CBO’s Analysis of the President’s FY 2018 Budget

The Congressional Budget Office (CBO) released its estimate of the President’s Fiscal Year (FY) 2018 budget, using its own assumptions to evaluate the budget’s policies. While the President’s budget claims to achieve balance and reduce debt to below 60 percent of Gross Domestic Product (GDP) after a decade, CBO’s analysis finds that these claims are based on a number of overly aggressive and unrealistic assumptions.

Using more realistic economic assumptions and independently evaluating the President’s policies, CBO finds the President’s budget will result in $3.8 trillion more debt than the President’s own estimate and save $3.3 trillion relative to our current path. As a result, CBO projects under the President’s budget debt as a share of GDP would rise from 77 percent in 2017 to 80 percent by 2027, and deficits would decline from 3.6 percent of GDP ($693 billion) in 2017 to 2.6 percent ($720 billion) in 2027.

Other major findings from CBO’s estimates include:

  • Deficits would total $6.8 trillion from 2018-2027 under the President’s budget, which is $3.7 trillion above the Office of Management and Budget’s (OMB) estimate and $3.3 trillion below current law.
  • The President’s budget would reduce revenue by $894 billion and spending by $4.2 trillion relative to current law, with the largest spending cuts coming from non-defense discretionary spending and health care.
  • CBO estimates that debt would be 80 percent of GDP in 2027, 20 percentage points higher than OMB’s estimate of 60 percent. 18 percentage points of this difference can be explained by the fact that OMB ultimately assumes 3 percent annual economic growth despite nearly all public and private estimates suggesting growth rates much closer to CBO’s 1.9 percent.

The President deserves credit for putting forward $3.3 trillion of deficit reduction in his budget. It is worth noting however that CBO’s estimates incorporate $1.5 trillion of unspecified savings from Medicaid and discretionary spending. They also do not account for a potentially costly tax plan, since the President’s tax plan is not included in his budget (other than through several vague bullet points).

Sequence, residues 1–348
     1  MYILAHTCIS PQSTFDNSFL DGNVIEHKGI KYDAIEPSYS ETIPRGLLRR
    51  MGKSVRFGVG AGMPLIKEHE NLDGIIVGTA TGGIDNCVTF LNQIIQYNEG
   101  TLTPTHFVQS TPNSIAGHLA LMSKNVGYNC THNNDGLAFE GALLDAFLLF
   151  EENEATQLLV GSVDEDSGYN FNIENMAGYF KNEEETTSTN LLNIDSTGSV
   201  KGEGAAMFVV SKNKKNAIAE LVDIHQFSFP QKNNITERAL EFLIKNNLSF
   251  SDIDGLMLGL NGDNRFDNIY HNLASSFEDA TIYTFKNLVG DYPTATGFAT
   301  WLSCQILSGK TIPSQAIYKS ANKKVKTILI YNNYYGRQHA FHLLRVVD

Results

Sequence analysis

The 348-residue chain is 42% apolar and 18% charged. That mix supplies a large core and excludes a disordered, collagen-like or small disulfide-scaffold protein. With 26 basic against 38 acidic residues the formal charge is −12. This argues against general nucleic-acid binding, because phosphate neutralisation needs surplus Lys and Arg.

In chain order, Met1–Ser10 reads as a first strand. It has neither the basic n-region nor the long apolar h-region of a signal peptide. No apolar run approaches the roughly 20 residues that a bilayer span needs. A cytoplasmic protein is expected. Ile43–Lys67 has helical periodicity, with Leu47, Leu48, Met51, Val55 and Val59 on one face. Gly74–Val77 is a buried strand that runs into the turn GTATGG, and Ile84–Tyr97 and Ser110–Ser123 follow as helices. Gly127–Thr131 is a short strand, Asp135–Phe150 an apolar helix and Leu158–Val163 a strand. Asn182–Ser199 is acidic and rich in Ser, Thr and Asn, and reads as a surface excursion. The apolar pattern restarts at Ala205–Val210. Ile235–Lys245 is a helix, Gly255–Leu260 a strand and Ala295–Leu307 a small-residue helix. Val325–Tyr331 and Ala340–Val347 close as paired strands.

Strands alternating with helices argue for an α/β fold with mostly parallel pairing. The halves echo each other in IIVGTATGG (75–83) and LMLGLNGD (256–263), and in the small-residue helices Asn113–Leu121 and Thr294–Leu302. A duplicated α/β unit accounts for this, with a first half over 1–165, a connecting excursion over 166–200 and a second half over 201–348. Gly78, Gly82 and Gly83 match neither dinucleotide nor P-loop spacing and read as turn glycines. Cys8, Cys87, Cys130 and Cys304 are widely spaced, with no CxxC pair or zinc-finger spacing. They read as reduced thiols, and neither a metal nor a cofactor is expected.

Overall, CBO’s estimate shows that after adjusting for extremely rosy assumptions, and even after incorporating deep unspecified spending cuts, the President’s budget would fall well far short of balance, allow debt to rise from today’s levels, but nonetheless, reduce the debt significantly relative to current law. Still debt would remain on an unsustainable path and CBO’s report makes clear that without serious tax and entitlement reform – including significant changes to Social Security and Medicare – it will not be possible to truly put debt on a sustainable path.

Spending, Revenue, Deficits, and Debt under the President’s Budget

CBO estimates that over the next ten years under the President’s budget, debt would rise modestly as a share of the economy from today’s post-war era record-high levels. Specifically, debt would rise from 77 percent of GDP this year to a high of 81 percent by 2022 before falling to 80 percent by 2027. These projections represent a significant improvement over CBO’s current law baseline, which estimates debt at 91 percent of GDP by 2027, but they are much worse than OMB’s estimate of the budget, which had debt at 60 percent in 2027.

CBO’s numbers assume the President’s nearly $1.5 trillion of unspecified spending cuts, mainly from non-defense discretionary spending and Medicaid. Without them, debt would rise to roughly 85 percent of GDP by 2027.

With these assumptions, CBO finds that deficits will total $6.8 trillion (2.9 percent of GDP) for 2018-2027, $3.3 trillion below current law but $3.7 trillion higher than OMB projections.

CBO projects deficits will be roughly stable over the next five years, hovering around 3 percent of GDP, before falling to 2.6 percent, or $720 billion, by 2027. The 2027 deficit is a clear improvement over the 5.2 percent of GDP deficit under current law but only halfway to the Administration’s estimate that they would balance the budget by that year.

Spending cuts in the President’s budget drive falling deficits late in the decade. As a share of GDP, CBO estimates the budget would stabilize spending at about 21 percent (20.6 percent in 2027) while allowing revenue to rise from 17.3 percent in 2017 to 18 percent by 2027, slightly below the current law projection of 18.4 percent. These totals do not include the President’s tax plan, which has not been detailed but could be quite costly based on available information.

Both spending and revenue under the President’s budget would be slightly above their historical averages. Spending would average 20.7 percent of GDP over the next ten years, compared to 20.3 percent over the previous 50 years. Revenue would average 17.8 percent of GDP over the next decade, compared to 17.4 percent over the previous 50 years. Both spending and revenue would be below current law projected levels of 22.4 and 18.2 percent over the next decade, respectively.

CBO also estimates that the President’s budget would increase economic growth by 0.1 percentage points (from 1.8 to 1.9 percent) on average over the next decade. This extra growth would reduce deficits by $161 billion over ten years and reduce the debt-to-GDP ratio by less than 1 percent in 2027. CBO states that the growth is due to the budget’s deficit reduction; other proposals that could affect growth are not specific enough for CBO to evaluate.

Policy Changes in the President’s Budget

Although the President’s budget falls short of putting the debt on a sustainable path, it does incorporate significant deficit reduction, including a number of thoughtful spending cuts.

CBO estimates the budget would reduce deficits by $2.4 trillion relative to current law, excluding another $845 billion of savings from the war drawdown. That compares to OMB’s estimate of $2.9 trillion in deficit reduction (and another $2.1 trillion OMB estimated as a result of faster economic growth).